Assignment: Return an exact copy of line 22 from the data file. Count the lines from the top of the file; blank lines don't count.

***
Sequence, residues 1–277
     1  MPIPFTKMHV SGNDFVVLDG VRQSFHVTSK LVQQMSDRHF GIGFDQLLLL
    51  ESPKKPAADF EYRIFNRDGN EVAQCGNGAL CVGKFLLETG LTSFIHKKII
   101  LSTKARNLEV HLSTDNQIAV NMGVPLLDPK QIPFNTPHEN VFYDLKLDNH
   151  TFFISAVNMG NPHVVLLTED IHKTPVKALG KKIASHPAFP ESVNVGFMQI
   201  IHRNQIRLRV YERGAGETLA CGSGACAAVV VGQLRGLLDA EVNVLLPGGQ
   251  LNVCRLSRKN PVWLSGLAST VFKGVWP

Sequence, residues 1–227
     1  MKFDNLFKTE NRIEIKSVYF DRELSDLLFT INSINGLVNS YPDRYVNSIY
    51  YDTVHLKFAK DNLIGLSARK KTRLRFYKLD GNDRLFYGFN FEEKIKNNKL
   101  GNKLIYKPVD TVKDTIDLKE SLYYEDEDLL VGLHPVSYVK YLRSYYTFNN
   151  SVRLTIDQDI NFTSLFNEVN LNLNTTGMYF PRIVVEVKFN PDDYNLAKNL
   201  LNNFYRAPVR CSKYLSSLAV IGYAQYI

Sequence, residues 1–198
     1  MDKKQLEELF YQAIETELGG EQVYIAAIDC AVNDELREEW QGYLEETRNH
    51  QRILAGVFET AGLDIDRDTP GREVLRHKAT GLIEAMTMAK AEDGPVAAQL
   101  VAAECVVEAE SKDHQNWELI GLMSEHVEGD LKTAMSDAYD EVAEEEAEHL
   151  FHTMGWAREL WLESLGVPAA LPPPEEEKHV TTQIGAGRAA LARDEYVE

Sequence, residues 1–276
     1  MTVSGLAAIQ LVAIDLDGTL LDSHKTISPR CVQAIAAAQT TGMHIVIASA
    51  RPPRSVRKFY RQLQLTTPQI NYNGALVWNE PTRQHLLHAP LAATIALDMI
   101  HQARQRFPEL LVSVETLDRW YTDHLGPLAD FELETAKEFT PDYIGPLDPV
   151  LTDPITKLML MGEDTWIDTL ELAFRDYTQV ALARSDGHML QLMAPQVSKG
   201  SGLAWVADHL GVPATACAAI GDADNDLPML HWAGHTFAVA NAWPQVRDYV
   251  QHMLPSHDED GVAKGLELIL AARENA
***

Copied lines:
   101  HQARQRFPEL LVSVETLDRW YTDHLGPLAD FELETAKEFT PDYIGPLDPV